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Congenital Defect Closure

Congenital Defect Closure for Atrial Septal Defects and Patent Foramen Ovale

A patent foramen ovale, or PFO, is an opening between the upper two chambers of the heart that failed to close after birth. This and other congenital defects, such as atrial septal defects, are sometimes referred to as a “hole in the heart.” Atrial septal defects exists in about 25 percent of the population.

Most of the small defects go undetected and may not produce any significant symptoms. Under certain circumstances, however, symptoms may occur. In fact, PFO may be the most likely cause of stroke in patients under the age of 55. The condition predisposes a patient to stroke when small, often undetectable, clots forms in the pelvic region or lower extremities. If the clot breaks loose, and pressure on the right side of the heart increases during straining or activity, the clot can cross the patent foramen ovale and end up on the arterial side where it may go to the brain or other organs. The clot can also cause a heart attack.

Symptoms of Patent Foramen Ovale or Atrial Septal Defects

Most people with patent foramen ovale or small atrial septal defects have no symptoms or signs of a defect. Besides a stroke, blood traveling between the atrial chambers of the heart may cause symptoms such as fatigue, shortness of breath, or cardiac rhythm abnormalities. Patients with large holes may have a heart murmur, either previously undetected or never evaluated. Unfortunately, a patent foramen ovale or small atrial septal defect cannot be detected by physical exam. Echocardiography (ultrasound imaging) is the preferred imaging study to show cardiac defect.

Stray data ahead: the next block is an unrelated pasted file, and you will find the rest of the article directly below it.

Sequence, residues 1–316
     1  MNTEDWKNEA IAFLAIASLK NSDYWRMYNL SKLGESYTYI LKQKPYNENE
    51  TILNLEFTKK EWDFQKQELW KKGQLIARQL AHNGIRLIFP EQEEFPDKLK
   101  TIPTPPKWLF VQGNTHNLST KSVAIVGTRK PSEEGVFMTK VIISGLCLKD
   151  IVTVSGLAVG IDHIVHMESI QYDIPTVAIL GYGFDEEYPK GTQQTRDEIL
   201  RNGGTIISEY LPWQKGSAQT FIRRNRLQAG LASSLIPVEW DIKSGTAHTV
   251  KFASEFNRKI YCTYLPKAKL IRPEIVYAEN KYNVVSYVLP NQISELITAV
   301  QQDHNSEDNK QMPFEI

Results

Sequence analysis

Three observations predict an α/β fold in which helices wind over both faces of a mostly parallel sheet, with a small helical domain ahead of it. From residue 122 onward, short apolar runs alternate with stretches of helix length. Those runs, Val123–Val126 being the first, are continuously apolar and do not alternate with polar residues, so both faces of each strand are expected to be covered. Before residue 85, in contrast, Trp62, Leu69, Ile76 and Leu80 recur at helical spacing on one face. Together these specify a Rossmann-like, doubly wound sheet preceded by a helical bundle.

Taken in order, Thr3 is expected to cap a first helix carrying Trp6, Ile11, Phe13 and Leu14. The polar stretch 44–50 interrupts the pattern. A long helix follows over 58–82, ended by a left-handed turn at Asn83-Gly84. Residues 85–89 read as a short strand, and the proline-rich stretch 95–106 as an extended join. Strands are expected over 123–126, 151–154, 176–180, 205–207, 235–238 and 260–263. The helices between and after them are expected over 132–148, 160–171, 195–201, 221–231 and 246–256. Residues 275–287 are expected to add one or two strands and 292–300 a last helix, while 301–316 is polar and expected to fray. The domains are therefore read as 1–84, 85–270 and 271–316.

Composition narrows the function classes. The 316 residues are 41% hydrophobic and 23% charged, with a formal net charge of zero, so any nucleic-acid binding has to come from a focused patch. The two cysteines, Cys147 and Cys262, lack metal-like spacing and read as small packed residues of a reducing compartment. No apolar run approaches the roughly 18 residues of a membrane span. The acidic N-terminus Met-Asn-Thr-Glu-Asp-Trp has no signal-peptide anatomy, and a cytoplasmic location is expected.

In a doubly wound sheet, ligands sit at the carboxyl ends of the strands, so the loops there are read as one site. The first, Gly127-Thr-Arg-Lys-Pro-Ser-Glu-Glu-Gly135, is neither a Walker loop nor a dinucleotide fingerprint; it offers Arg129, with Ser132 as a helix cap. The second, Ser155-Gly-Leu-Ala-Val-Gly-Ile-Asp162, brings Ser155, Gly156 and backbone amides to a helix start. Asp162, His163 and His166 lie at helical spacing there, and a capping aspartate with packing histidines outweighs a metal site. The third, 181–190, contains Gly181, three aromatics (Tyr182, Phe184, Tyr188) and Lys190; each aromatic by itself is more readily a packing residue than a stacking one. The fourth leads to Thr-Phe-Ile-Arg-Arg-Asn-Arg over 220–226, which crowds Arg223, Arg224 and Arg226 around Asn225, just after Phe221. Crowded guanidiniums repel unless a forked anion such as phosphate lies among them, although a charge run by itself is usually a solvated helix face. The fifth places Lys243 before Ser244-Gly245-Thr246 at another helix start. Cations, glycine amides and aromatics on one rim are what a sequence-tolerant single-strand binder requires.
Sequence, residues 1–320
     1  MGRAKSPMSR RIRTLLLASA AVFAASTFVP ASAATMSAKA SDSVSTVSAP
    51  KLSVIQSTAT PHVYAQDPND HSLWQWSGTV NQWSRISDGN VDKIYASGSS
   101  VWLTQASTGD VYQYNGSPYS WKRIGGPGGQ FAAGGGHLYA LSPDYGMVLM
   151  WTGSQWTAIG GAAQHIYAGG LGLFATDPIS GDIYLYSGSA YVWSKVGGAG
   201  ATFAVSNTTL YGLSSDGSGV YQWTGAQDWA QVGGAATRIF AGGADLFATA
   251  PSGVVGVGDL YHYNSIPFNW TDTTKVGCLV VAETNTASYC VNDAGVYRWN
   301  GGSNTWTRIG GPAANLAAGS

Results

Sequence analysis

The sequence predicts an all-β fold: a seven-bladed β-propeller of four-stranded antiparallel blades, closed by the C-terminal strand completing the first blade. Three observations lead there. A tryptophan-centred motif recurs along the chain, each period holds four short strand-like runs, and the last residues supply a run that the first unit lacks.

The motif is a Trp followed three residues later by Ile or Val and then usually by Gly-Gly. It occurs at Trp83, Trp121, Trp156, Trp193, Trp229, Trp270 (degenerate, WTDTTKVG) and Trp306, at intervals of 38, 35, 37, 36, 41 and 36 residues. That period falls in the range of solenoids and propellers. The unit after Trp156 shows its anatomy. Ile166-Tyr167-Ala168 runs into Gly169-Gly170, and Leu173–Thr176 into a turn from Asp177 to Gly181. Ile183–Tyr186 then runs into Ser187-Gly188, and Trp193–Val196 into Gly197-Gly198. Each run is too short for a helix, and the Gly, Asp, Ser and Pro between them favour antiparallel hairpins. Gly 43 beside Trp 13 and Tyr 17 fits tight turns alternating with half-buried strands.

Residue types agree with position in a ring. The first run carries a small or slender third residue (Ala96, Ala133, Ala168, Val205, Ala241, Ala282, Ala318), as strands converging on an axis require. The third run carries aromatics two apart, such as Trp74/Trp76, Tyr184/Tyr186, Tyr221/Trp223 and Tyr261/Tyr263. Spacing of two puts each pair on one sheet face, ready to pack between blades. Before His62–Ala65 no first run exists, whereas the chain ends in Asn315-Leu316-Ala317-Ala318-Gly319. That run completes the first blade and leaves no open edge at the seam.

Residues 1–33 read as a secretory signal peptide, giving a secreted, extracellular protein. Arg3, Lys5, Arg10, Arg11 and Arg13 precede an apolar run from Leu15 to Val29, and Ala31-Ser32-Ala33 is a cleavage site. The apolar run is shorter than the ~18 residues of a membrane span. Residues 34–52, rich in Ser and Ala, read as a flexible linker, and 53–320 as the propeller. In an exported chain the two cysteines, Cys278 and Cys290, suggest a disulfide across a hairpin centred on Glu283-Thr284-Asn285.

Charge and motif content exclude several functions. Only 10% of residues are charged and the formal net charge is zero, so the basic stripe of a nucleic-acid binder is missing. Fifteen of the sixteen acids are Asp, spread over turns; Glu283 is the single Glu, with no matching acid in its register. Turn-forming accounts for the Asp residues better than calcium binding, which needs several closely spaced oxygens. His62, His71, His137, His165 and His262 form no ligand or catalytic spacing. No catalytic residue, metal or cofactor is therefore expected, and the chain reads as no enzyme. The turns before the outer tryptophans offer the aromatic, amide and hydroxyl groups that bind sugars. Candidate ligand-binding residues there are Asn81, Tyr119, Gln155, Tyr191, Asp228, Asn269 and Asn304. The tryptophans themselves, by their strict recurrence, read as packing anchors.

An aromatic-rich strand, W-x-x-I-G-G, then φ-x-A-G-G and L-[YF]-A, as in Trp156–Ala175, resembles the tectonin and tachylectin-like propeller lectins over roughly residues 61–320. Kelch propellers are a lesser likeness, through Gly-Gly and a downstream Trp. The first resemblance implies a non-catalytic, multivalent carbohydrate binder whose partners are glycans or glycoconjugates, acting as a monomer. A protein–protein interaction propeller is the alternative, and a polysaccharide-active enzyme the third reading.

Because of hereditary factors associated with atrial septal defects, close family members of someone with a confirmed defect should have an echocardiogram.

Advancing Treatment Options

Patent foramen ovale is increasingly being suspected as the cause of blood clotting and embolisms. Once a patient with patent foramen ovale has had a blood clot, they usually are treated with a blood thinner – Coumadin – to prevent a recurrence of clots. However, many younger people are poor candidates for Coumadin because they are in an active stage of life. For example, women of childbearing age, heavy laborers and athletes should not take Coumadin.

Dr. John Lasala, a cardiologist at the Heart & Vascular Center, is using a non-surgical intervention technique to close holes in patients who are not good candidates for Coumadin or who have had an event while on medication. Using what is called an Amplatzer or Helex septal occluder device, Dr. Lasala is able to repair patent foramen ovales and other congenital heart defects through a vein in the leg.

The Amplatzer device limits the recurrence rate of clots to approximately 1 percent or less. To be qualified for this procedure, patients must have had a stroke or embolism and have all other traditional sources of clot formation eliminated. Since the use of the closure device for patent foramen ovale closure is still relatively new, patients must qualify to be treated.

This technique has improved the quality and extended the life of many patients, making us a leader in this type of therapy for the Midwest region.

To make an appointment with a Washington University heart or vascular specialist at Barnes-Jewish Hospital, call 855.925.0631.